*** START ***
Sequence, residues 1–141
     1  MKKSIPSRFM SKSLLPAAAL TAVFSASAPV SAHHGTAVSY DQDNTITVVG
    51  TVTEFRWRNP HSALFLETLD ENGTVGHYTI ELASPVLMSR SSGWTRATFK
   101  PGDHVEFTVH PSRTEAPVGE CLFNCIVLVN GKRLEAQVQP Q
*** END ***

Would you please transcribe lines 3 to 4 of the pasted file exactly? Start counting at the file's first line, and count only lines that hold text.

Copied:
    51  TVTEFRWRNP HSALFLETLD ENGTVGHYTI ELASPVLMSR SSGWTRATFK
   101  PGDHVEFTVH PSRTEAPVGE CLFNCIVLVN GKRLEAQVQP Q